Anchors Away! Or, Wait — Is it Anchors Aweigh?

Updated July 28, 2022
Old black anchor on a boat
    Old black anchor on a boat
    PATSTOCK / Moment / Getty Images / Background: Tolchik / iStock / Getty Images Plus
    Used under Getty Images license

When a sailor lifts the anchor of a ship, they should call “Anchor’s away,” because the anchor is away, right? Or is it “Anchors aweigh”? The answer may not seem significant — unless you’ve spent time around an actual anchor.

Away vs. Aweigh: Choose “Aweigh”

The correct term for raising anchors is anchors aweigh. Aweigh comes from the Old English and Dutch wegan, which means “to weigh” or “to lift.” In the nautical sense, anchors aweigh means “anchors lifted.”

Traditionally spelled a-weigh, the term has a comparable meaning to atrip (or a-trip), meaning “cleared or lifted from the bottom.”

Why You Might Think “Away” Is Correct

There’s a reason people often mix these terms up: The wrong way makes more sense. After all, you are going away when the anchors are aweigh, so it’s understandable that people would use the incorrect anchors away almost as often as the correct anchors aweigh.

But away comes from the Old English aweg, meaning “from a place.” Declaring “Anchors from a place” makes a lot less sense than “Anchors are lifted,” despite how it looks in 21st-century vocabulary. Use aweigh instead.


Is “Anchors” or “Anchor’s” Correct?

So you’re on board for the away vs. aweigh debate, but shouldn’t there be an apostrophe in there? It depends how many anchors you’re talking about.

  • Nautically speaking, anchor’s aweigh refers to one anchor. A sailor may call “Anchor’s aweigh, Sir,” as shorthand for “My anchor is aweigh.” 
  • When there is more than one anchor on a ship, you’d call “Anchors aweigh,” indicating that all of the ship’s anchors have been lifted.
  • The idiom anchors aweigh does not include an apostrophe. It means “we’re ready to go; no holds barred; the voyage has begun.”

So unless you’re on a ship with a literal anchor, forget the apostrophe. (Not that you can hear an apostrophe, but you’d know it was there.)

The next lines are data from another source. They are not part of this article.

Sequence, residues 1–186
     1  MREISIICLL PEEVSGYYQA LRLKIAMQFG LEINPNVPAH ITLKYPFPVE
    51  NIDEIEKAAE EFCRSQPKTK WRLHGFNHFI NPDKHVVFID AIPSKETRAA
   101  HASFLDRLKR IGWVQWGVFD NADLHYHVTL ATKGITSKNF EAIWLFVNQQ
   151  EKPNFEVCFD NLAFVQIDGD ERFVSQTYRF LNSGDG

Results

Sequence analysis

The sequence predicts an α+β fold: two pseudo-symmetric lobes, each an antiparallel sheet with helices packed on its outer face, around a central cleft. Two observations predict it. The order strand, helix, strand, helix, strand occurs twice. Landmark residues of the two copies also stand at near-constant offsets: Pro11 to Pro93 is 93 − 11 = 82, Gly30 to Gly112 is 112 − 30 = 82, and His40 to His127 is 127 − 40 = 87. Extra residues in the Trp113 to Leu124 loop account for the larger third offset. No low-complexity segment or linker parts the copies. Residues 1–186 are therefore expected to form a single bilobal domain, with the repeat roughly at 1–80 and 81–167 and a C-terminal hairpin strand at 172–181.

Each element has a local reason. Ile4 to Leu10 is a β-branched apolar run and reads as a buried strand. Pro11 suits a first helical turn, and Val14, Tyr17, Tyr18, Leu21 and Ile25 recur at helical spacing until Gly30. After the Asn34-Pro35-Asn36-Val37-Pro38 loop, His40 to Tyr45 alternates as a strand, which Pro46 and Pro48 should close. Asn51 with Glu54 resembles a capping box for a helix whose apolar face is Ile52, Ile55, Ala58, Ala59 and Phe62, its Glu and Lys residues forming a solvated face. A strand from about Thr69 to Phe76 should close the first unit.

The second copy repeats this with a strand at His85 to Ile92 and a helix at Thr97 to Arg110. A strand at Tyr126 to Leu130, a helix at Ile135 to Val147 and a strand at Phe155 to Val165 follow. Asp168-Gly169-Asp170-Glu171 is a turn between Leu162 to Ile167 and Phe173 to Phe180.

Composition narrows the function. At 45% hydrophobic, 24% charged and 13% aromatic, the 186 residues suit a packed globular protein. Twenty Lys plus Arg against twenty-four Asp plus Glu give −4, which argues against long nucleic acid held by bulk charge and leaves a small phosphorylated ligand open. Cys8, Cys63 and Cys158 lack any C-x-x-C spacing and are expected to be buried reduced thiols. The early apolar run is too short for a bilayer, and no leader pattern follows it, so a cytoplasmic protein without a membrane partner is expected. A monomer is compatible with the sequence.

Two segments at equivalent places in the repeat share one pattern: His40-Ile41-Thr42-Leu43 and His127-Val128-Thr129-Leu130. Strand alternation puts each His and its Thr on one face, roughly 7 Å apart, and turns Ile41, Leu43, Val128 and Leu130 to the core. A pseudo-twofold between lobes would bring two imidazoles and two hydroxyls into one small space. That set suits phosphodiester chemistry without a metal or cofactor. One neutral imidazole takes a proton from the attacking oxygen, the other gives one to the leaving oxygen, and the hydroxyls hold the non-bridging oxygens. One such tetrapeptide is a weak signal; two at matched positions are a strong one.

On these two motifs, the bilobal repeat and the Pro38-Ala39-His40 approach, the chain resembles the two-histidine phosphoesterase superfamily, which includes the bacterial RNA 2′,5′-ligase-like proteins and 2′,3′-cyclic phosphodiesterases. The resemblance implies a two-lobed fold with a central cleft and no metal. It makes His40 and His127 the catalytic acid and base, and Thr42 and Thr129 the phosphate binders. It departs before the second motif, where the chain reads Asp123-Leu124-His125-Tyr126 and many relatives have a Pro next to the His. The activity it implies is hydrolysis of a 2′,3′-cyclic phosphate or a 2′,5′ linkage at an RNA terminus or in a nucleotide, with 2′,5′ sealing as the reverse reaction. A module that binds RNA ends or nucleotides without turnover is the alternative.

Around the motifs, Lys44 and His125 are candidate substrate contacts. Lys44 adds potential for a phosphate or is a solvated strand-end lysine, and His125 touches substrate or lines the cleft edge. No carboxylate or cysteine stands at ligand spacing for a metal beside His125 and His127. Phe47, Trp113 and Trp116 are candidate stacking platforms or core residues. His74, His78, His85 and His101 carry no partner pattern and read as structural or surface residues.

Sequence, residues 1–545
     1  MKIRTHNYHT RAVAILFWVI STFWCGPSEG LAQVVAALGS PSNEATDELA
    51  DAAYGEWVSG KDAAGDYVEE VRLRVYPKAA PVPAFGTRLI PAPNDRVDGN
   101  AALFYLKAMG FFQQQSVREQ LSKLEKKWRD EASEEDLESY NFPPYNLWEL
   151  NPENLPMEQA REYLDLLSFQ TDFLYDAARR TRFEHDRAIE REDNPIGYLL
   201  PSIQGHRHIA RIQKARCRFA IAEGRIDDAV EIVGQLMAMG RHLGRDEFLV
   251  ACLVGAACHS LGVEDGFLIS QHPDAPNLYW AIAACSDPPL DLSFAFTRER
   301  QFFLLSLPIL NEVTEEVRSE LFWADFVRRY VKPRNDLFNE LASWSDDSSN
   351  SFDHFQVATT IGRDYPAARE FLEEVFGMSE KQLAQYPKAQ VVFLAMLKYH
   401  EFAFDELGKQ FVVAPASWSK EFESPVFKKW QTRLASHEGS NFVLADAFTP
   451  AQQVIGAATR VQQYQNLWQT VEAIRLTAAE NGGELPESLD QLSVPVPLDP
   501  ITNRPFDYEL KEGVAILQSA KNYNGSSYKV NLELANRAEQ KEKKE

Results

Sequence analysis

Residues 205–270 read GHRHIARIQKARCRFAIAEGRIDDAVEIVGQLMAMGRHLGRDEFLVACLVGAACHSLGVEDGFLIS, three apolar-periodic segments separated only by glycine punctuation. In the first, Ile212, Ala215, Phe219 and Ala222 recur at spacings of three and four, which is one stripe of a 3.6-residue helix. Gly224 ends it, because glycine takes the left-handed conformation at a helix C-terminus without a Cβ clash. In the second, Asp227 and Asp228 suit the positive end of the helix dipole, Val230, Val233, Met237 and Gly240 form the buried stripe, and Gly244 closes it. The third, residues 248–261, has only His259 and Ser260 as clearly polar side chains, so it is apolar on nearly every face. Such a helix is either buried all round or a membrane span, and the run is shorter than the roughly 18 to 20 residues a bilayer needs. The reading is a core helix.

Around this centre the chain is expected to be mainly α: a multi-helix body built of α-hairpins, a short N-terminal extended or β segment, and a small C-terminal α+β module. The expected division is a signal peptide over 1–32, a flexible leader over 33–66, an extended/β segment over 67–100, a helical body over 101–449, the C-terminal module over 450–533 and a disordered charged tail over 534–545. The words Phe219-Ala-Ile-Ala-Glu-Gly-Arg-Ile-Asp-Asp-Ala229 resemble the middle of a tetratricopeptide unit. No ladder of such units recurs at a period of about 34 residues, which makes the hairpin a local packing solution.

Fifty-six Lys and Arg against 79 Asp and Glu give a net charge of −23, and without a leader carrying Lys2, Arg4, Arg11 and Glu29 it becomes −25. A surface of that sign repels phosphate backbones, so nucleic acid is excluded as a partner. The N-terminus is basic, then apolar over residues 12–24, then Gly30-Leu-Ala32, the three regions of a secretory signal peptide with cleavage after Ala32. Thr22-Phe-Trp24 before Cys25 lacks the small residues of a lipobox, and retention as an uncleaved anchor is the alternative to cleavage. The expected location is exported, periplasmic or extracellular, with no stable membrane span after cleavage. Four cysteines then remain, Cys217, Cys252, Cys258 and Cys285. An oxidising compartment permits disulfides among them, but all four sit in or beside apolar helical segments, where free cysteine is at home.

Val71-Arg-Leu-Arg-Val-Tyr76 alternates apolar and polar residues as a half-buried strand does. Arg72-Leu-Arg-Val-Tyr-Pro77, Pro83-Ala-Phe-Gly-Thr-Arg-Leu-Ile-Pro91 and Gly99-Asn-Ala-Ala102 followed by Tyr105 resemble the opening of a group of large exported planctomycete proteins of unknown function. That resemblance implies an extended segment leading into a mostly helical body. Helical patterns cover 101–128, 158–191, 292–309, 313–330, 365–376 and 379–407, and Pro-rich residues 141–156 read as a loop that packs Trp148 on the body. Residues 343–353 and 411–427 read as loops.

Where You’ve Heard It Before

Naval veterans and marching band enthusiasts have no problem identifying the correct way to say anchors aweigh. It’s the name of the United States Naval Academy fight song, as well as the unofficial march song of the U.S. Navy itself. In fact, “Anchors Aweigh” is such a part of American pop culture that you’ve likely heard the song whether you know it or not.

More Nautical Terms and Phrases You May Already Know

Even if you’ve never been on a ship in your life, you’ve likely said — or heard — anchors aweigh as an everyday expression meaning “ready to go.” But that’s only one idiom we’ve gotten from sailor slang and nautical terms. Other phrases you may say at home or at work include:

  • above board - keeping things on the deck, or out in the open
  • batten down the hatches - to prepare for rough times ahead
  • changing course - shifting the direction of a ship (or project)
  • change tack - to change direction or position
  • feeling adrift - not secure or moving in a particular direction
  • finding your bearings - to situate oneself to a new situation
  • jury-rigged - something fixed or made with the materials you have on hand
  • making headway - making forward progress
  • rudderless - having no clear leadership or direction
  • scuttlebutt - conversation between sailors (or others)
  • to helm something - to steer or direct a project

Full Speed Ahead for Correct Usage

Anchors aweigh — time to head for calmer language skies! Untangle those confusing English knots with these additional vocabulary guides: